Homily for Easter Vigil

“Come, Easter, come” said a poet (Vernon Watkins).

Well, Easter is coming – here and now. Coming out of the dark of a long winter. Coming after much Lenten preparation. Coming to a world where there’s too much dark, and children are so often the victims of violence.

“Come, Easter, come: I was afraid / Your star had strayed.” Perhaps we were afraid our deacon would stumble and the light of the Paschal candle be lost. But no!

This whole liturgy marks the passage of Christ from death to life, and ours from darkness to light, from selfishness to love. It is our Passover and his. It’s our crossing of the Red Sea.

Easter is Jesus. Easter comes. He is Easter in person. He is the Paschal candle who lights the tapers of our lives, he re-kindles the burned-out stars we are. He steadies us for our journey of faith, chivvies us back when we stray.  He has come tonight in the God-given words of the readings we’ve been hearing. He is the Word. He has led us, candle in hand, up the spiral staircase of the Pentateuch and the Prophets (seven readings, seven steps) till we saw the daybreak shining through the window of the Gospel and glimpsed with St Paul the broad sunlit uplands of the risen life. “There is no need for alarm,” says the Angel by the empty tomb. “You are looking for Jesus of Nazareth, who was crucified: he has risen, he is not here…He is going before you to Galilee.”  And in a moment he will come through the Sacraments, baptising, confirming, feeding.

It’s the climax of tonight. He is passing from death to life, from this world to the Father, and as he passes he takes us up into his passing “lest we pass away with this passing world” (St Augustine). “I was afraid / Your star had strayed”. No way! Our faith may waver in the wind of “strange doctrines” (Ephesians 4), or painful experiences, or our own failures. But his is the light that knows no setting and Christ always makes it possible for us to love. “He is going before you into Galilee; it is there you will see him, just as he told you.”  Yes, the Vigil, lovely as it is, passes but the Lord goes ahead to Galilee. In the life of disciples, “Galilee” means our homes, our lives, our work, where the risen Lord meets us again and we can pass in him, day after day, from selfishness to love, from “I” to “we”.  There’s an open road before us.

“Come, Easter, come.” Come, especially to all those throughout the world being baptised tonight. How busy the fonts and pools of Mother Church must be! In France alone, some 12,000 adults and adolescents will be baptised; the figures grow each year. In the Cathedral and parishes of Sydney – where it’s already tomorrow – some 250 will have been baptised. So our magnificent seven – Payam (being baptised), Aaron and Carole, Ruby and Noah, Elizabeth and Michelle – are not alone. You have our admiration and affection. I want to thank those of you who wrote to me beforehand – all those mentions of the “journey of faith”. I don’t want to embarrass anyone, but one of you mentioned being moved by the banner outside St Peter’s: “Come to me, and I will give you rest.” I want to mention too a story from another part of the world. Perhaps Payam will resonate with it.  It’s of a young woman, baptised tonight in Sydney. She was a Muslim from Indonesia. Her journey of faith began in Mecca. She was on pilgrimage there, feeling disconnected from God and praying for faith. “Then, I heard a voice saying, ‘Come to me. You are my child.’” She knew this idea of Father and child was Christian, and she began to enquire. The connection she had sought at the holiest shrine in Islam, she began to find at Mass and so, in Australia tonight, has professed her faith and been baptised. “Come, Easter, come”. “Come to me, you are my child.” Our Easter, Jesus, Son of the Father, passed from death to life and through baptism, confirmation and the Eucharist sweeps us up into his passing. The sonship he has by nature he shares by grace. We are sons in the Son, sons and daughters of the heavenly Father. His dying and rising become our dying to sin and a rising to a life of hope and faith and love. In Confirmation, his anointing as the Christ becomes ours as Christians. In the Eucharist, his Body takes in ours. The Church is like the new Eve born on the Cross from the side of the pierced Christ, the new Adam. There is a new union sealed in water and blood. Easter is a wedding.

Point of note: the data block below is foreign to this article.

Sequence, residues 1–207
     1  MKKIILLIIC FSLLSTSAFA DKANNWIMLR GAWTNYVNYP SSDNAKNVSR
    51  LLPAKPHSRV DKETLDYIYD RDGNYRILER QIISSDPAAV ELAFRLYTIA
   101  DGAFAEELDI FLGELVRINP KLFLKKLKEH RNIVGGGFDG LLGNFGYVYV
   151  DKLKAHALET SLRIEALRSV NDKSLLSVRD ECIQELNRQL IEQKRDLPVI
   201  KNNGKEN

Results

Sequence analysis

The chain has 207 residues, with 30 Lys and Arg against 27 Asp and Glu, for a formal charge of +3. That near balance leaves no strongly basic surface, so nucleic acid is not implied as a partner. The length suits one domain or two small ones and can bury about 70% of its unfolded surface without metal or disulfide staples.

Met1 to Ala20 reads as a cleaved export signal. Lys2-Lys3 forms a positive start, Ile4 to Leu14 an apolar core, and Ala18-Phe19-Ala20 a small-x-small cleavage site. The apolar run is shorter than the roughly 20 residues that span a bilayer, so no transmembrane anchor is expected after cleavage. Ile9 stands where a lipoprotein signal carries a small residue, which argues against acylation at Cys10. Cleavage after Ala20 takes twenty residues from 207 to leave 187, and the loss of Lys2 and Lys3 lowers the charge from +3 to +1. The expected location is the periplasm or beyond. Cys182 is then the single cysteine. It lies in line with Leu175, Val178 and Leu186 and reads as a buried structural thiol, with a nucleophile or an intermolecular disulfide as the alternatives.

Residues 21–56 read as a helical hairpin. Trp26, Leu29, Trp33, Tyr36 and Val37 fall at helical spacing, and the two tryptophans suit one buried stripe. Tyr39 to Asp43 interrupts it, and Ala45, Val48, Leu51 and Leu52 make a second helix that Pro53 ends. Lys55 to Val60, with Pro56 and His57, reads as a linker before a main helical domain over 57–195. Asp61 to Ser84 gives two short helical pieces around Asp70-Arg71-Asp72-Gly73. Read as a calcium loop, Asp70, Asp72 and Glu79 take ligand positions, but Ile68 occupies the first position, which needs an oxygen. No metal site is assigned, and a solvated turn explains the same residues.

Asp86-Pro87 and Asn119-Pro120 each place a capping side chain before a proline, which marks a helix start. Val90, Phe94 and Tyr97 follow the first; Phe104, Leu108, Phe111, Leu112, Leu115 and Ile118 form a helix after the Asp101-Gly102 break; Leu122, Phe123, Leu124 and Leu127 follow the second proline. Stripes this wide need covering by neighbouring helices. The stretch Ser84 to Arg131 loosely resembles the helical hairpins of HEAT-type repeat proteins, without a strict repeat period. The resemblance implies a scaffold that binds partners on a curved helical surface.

And like a marriage that really is “made in heaven”, there is such a sense of “meant to be”, of prepared from all eternity, of everything falling into place, of coming home. From tonight’s readings, we grasp that Creation, from physics to flowers, was in view of man and man in view of the covenant with God, and the covenants with one chosen people a preparation for the new and eternal covenant of Christ and the Church, which embraces every people. “God created water precisely with Baptism in mind” and when he did “he was thinking of the Baptism of each one of us” (Desiderio desideravi, 13).  Water and oil, bread and wine, fruit of the earth and work of human hands, all find their true purpose and place tonight, and we too. All we are, all we’ve been through and will go through, our tears and our hopes, find their purpose and place tonight.

“Come, Easter, come”, says the poet. “I was afraid / Your star had strayed.” It hasn’t. And he goes on: “It [Easter] was behind our darkest fears / Which could not see our God for tears”. He’s recalling Mary Magdalene finding Christ beyond her tears in the garden of the Resurrection. May this be our joy tonight!

“Come, Easter, come”. Come now to our Seven. Come to all of us. Come as we renew our baptismal faith and, sin forgiven, eat your risen flesh.  Yes, Lord we come – to the marriage feast of the Lamb – now and, by your grace, for ever. Amen!

St Mary’s Cathedral, Aberdeen, 30 March 2024


RC Diocese of Aberdeen Charitable Trust.
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